All the students at Sanford were given the opportunity to try red and yellow tomato varieties with cornchips and asked to indicate which they preferred.


Sanford Elemen­tary students received a special treat last Thursday.
Representatives from the Land Stewardship Project Terry VanDerPol and Tom Taylor, along with Lynn Mader from the Uni­versity of Minnesota Ex­tension program, Pau­line Strand­lund of PK Strand­lund Farms, and Audrey Arner of Moonstone Farm, paid a visit to the school last Thursday with bunches of tomatoes in tow.
The group is working together to support good nutrition and help promote locally-grown foods at our schools.
“We’d like to begin  serving more locally produced foods to our children,” said Taylor. “It’s fresher, more nutritious and it helps support our local economy.”
The tomatoes were grown by local farmers including Arner, Diane Wiebe of Boyd, and Watson residents Aziz Ansari and Bob Bunn.
All the students at Sanford were given the opportunity to try red and yellow tomato varieties with cornchips and asked to indicate which they preferred.
Some, like 4th-grader Miranda Sulier preferred the yellow. Others, like 4th-grader Chase Pearson, didn’t care for either.
Students were given stickers to place on a chart  which, at the end, showed a visual as to which variety was most popular. Not surprisingly, the red won, but not by much.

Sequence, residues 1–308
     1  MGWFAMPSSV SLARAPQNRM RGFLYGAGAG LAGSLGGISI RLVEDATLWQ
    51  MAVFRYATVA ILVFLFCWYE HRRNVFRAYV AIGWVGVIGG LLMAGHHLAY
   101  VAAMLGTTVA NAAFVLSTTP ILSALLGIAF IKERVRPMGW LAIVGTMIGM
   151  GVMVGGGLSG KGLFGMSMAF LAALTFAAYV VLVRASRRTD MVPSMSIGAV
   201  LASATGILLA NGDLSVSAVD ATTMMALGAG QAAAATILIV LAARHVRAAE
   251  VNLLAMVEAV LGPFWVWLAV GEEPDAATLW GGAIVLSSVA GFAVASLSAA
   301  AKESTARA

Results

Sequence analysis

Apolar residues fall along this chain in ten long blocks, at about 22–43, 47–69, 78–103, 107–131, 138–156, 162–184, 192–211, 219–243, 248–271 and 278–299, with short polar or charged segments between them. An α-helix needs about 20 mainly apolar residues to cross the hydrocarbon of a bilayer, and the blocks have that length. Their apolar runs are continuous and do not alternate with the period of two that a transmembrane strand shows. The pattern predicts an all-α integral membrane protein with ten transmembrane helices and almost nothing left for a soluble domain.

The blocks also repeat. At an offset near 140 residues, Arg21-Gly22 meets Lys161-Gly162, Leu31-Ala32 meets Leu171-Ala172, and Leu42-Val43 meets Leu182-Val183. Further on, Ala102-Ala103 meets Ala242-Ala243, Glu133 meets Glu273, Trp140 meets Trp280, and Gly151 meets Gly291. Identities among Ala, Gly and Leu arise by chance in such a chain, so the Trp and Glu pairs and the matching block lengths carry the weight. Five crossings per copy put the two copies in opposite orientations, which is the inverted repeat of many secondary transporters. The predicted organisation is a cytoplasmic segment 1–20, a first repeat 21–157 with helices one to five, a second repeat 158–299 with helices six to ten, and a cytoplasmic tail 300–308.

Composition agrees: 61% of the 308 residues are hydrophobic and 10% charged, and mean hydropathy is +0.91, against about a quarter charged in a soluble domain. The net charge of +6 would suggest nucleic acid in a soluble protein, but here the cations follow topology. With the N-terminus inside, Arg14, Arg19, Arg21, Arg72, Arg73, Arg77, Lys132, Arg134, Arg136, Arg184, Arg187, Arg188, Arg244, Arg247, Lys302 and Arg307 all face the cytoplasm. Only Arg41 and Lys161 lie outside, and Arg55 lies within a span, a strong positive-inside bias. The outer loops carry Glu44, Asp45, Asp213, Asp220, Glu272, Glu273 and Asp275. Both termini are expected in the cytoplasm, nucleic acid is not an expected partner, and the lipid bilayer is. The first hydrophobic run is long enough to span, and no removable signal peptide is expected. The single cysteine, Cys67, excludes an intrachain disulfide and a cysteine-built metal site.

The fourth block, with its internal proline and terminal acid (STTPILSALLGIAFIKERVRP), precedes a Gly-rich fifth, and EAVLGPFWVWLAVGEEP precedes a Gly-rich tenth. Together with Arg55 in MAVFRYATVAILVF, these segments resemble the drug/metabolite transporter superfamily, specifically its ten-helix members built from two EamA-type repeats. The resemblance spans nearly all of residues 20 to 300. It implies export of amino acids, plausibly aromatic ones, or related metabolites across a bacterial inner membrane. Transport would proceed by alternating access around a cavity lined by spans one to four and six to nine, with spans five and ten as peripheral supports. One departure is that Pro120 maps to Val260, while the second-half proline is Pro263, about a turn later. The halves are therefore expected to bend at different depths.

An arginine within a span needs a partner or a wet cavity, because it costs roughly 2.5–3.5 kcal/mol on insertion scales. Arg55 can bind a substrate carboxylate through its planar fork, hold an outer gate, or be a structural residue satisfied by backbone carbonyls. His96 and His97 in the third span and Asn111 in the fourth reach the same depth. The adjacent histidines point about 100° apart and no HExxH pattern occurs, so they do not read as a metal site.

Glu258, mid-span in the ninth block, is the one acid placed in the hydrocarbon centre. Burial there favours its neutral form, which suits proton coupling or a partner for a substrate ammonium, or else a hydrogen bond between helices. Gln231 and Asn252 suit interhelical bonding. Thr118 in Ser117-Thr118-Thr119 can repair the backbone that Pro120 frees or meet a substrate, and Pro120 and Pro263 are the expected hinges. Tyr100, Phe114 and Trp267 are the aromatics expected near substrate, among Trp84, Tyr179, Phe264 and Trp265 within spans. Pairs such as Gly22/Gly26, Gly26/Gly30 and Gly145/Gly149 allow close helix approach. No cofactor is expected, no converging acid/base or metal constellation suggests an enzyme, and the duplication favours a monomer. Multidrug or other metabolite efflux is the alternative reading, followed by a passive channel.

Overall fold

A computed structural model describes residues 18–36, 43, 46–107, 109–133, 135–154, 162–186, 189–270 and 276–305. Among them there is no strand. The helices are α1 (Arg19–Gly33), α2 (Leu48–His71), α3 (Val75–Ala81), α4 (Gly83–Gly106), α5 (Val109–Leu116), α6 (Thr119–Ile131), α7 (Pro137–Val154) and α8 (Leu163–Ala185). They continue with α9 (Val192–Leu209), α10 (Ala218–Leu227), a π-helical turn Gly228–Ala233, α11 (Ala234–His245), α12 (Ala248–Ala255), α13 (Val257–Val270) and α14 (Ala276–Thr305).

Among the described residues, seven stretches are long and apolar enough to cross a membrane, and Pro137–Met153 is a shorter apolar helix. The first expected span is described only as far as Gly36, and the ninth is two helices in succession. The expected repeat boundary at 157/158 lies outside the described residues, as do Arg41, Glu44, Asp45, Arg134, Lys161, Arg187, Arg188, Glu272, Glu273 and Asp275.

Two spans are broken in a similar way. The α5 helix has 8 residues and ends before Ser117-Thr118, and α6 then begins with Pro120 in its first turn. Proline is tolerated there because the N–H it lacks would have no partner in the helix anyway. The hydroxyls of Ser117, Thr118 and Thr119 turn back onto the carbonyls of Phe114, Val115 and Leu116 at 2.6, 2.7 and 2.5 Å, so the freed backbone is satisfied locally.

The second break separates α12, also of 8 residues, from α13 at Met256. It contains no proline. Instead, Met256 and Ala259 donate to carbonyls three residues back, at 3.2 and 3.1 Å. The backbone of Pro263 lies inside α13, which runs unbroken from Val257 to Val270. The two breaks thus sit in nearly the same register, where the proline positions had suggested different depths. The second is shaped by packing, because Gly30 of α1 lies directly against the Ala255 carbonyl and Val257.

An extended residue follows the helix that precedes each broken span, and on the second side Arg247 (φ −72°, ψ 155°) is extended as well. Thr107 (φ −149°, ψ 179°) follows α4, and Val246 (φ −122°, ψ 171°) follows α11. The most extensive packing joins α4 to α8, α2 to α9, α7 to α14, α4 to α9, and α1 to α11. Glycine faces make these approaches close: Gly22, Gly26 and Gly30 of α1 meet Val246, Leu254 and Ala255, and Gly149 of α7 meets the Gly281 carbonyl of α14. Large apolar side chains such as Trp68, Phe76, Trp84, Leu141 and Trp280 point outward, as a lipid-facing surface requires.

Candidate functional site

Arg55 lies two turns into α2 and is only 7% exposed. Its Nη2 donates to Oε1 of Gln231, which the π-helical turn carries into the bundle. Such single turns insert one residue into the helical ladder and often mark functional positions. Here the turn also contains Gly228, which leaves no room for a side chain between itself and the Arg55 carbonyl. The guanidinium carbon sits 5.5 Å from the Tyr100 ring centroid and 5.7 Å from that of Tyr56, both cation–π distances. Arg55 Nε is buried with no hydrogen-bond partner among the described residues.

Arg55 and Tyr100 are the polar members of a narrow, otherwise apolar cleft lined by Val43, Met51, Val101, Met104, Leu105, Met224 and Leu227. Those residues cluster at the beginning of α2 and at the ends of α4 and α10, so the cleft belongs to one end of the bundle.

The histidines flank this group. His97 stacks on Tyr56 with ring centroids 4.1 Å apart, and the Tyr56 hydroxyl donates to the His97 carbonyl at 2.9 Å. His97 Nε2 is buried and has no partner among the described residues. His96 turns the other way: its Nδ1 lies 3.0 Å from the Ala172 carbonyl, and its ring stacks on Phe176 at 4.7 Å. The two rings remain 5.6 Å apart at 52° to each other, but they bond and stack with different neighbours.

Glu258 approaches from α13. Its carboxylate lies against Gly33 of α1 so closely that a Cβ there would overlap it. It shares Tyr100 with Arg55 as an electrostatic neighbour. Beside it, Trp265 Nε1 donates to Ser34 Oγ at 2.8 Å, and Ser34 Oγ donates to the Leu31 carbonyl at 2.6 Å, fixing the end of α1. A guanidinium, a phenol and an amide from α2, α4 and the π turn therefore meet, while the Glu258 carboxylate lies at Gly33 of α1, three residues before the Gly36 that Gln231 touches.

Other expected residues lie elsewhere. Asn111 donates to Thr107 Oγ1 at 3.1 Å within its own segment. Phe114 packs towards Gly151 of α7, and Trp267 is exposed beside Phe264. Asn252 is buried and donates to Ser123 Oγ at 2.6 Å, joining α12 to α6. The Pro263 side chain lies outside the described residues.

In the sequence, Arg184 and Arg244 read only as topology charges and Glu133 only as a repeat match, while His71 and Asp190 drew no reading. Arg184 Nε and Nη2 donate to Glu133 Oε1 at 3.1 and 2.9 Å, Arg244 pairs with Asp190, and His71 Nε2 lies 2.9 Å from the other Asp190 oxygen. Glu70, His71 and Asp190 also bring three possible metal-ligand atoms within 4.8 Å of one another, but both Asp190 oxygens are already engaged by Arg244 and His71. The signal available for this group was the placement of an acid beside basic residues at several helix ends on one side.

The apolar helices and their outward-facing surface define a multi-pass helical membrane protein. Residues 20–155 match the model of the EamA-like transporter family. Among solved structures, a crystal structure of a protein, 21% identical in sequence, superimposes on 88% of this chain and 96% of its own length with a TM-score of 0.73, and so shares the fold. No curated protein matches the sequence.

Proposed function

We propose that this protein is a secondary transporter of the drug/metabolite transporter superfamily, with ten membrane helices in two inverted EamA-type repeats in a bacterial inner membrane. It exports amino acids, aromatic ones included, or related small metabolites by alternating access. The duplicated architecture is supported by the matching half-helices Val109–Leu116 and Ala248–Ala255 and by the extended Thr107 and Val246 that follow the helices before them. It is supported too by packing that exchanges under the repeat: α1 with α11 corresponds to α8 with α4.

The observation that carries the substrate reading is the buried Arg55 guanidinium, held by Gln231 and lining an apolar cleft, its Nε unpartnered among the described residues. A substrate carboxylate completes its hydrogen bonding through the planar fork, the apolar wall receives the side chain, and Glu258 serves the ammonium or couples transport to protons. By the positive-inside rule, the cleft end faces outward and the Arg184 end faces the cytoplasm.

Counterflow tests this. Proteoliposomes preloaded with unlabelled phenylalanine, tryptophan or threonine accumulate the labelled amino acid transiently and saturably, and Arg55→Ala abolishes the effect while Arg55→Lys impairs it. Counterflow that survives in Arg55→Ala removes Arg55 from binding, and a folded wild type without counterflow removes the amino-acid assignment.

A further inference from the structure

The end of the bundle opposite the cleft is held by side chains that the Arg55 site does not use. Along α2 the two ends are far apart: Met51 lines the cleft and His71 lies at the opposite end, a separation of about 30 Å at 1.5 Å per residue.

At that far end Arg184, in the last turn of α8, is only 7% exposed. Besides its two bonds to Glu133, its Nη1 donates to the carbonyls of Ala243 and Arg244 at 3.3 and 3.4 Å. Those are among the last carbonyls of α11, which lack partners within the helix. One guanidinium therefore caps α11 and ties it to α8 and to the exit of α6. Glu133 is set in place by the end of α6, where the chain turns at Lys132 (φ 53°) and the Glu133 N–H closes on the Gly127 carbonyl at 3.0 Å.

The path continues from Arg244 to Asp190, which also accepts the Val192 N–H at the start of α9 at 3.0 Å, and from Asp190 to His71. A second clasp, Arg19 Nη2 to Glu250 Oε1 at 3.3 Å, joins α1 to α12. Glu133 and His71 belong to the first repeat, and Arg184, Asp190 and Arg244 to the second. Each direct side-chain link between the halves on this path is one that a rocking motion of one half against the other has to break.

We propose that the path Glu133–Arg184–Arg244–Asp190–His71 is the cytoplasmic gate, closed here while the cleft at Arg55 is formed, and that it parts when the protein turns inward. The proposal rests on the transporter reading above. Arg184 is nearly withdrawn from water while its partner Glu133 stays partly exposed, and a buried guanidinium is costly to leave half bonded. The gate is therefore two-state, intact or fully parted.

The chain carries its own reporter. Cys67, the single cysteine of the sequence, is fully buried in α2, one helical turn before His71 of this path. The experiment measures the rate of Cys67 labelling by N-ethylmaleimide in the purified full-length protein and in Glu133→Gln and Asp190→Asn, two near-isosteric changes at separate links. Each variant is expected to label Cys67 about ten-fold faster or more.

Mader, who is also a member of the school nutrition and fitness task force and the Wellness Committee said, “It was pretty surprising. There were a lot (of children) who liked both. Less than 10 percent said they didn’t like either.
“A lot of kids tried them who never had a tomato before, even some who didn’t like tomatoes tried them.”
Later, Taylor and Mader mixed up a big batch of fresh, mild salsa, a recipe they found on Chef Ann Cooper’s food service Web site. The salsa made a perfect complement to the day’s lunch of tacos.
“A lot of students tried the salsa,” said Modder. “It was a very positive experience and a good way to raise interest for healthy foods.”
Joyce Peterson, food service director at Sanford has been with the school since 1976, serving as food service director for the last six years. Peterson said, “I think the kids were interested in the fact that there were so many different colors and varieties of tomatoes.
“Some (varieties) were quite unique.”
Peterson also said she thought it was a good idea because it helps the kids have a better understanding of where their food comes from.
Peterson said the school is taking advantage of the local produce while they can. They purchased tomatoes, onions and broccoli from local producers and will continue to do so while it is available. They will also continue to purchase apples from the Swensson Farm.
“During the winter months when local produce is not available we will go back to ordering from our regular suppliers,” said Peterson.